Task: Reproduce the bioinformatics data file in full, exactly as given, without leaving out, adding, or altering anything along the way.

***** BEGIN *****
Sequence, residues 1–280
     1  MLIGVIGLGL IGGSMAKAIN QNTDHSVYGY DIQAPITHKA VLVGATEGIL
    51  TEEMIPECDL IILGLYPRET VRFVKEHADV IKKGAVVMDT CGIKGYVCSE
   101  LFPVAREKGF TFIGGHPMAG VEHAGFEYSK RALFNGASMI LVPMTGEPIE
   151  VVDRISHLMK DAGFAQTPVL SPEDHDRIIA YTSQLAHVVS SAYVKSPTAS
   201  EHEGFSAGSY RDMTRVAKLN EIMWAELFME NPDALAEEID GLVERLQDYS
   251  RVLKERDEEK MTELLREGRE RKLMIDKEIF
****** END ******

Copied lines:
Sequence, residues 1–280
     1  MLIGVIGLGL IGGSMAKAIN QNTDHSVYGY DIQAPITHKA VLVGATEGIL
    51  TEEMIPECDL IILGLYPRET VRFVKEHADV IKKGAVVMDT CGIKGYVCSE
   101  LFPVAREKGF TFIGGHPMAG VEHAGFEYSK RALFNGASMI LVPMTGEPIE
   151  VVDRISHLMK DAGFAQTPVL SPEDHDRIIA YTSQLAHVVS SAYVKSPTAS
   201  EHEGFSAGSY RDMTRVAKLN EIMWAELFME NPDALAEEID GLVERLQDYS
   251  RVLKERDEEK MTELLREGRE RKLMIDKEIF